Field reports from ISU Extension crop specialists indicate that the bean leaf beetle population is now moving into emerging beans, except in the northern two to three tiers of counties. The populations appear to be fairly large in some central and southern Iowa fields and beetles are feeding on soybean seedlings as soon as they crack the soil. Fields with emerging seedlings should be scouted closely during the next couple of weeks. See last week's newsletter (pages 73-74 ) for suggestions on managing this pest and the bean pod mottle virus that it may transmit.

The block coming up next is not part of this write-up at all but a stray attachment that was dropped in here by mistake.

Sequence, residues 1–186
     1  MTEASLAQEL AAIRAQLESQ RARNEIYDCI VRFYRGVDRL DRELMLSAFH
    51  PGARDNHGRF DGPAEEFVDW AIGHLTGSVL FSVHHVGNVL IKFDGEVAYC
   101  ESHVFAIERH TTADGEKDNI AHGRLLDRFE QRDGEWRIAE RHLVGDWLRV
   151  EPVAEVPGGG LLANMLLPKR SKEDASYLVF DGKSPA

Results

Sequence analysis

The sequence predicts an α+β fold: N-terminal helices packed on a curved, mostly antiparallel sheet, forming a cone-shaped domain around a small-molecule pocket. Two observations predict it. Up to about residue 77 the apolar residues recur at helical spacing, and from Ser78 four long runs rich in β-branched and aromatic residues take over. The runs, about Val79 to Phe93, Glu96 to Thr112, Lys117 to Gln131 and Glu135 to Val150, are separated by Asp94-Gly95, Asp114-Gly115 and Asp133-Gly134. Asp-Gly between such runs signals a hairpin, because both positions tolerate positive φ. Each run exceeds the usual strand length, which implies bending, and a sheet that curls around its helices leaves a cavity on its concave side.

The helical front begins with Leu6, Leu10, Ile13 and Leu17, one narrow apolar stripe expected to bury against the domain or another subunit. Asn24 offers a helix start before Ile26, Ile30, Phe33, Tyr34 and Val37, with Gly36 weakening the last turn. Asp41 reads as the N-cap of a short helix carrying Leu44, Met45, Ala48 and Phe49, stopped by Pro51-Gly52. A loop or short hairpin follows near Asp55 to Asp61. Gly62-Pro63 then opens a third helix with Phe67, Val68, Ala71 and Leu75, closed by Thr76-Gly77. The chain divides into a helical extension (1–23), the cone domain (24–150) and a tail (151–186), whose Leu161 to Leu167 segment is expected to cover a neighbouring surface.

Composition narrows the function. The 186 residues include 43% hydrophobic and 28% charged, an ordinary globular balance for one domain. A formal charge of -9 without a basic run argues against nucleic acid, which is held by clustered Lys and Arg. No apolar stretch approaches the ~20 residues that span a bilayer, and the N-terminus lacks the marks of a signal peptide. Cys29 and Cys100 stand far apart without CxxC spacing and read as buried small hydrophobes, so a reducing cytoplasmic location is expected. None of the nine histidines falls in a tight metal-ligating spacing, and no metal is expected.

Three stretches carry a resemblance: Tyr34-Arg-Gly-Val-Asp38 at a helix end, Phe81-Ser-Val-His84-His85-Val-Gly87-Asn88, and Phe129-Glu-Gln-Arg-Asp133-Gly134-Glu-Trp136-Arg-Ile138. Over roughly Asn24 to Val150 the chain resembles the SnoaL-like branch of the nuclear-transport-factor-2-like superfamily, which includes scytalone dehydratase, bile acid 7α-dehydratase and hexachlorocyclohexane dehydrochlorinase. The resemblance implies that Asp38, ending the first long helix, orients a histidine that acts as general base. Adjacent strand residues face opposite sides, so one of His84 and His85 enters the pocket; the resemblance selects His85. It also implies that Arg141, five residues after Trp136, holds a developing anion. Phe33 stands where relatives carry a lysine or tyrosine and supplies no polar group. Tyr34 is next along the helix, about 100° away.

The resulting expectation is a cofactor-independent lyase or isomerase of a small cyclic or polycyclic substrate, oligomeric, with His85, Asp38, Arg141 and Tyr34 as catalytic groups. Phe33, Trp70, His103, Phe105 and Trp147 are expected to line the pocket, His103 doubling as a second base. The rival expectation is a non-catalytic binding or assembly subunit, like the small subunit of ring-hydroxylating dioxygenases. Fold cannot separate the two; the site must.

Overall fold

Bean leaf beetles also can be found in soybean stubble in fields that have not yet been planted. The occurrence of beetles in these fields is not uncommon because approximately 20 percent of bean leaf beetles overwinter in the duff of a soybean field.
Bean leaf beetles also are being found in young corn but they are not a pest of this crop. Beetles in corn may be either searching for a suitable host or simply obtaining moisture from the whorl. Corn is a poor-quality host for female beetles and for those that feed only on corn, the average life span is substantially reduced to 7-14 days compared with beetles that feed on either alfalfa or soybean. Likewise, female beetles that fed for 7 days on corn had their average rate of egg laying decreased by half; beetles that feed on corn for 14 days produced no eggs even when transferred to soybean.
This article originally appeared on pages 83-84 of the IC-486(10) -- May 21, 2001 issue.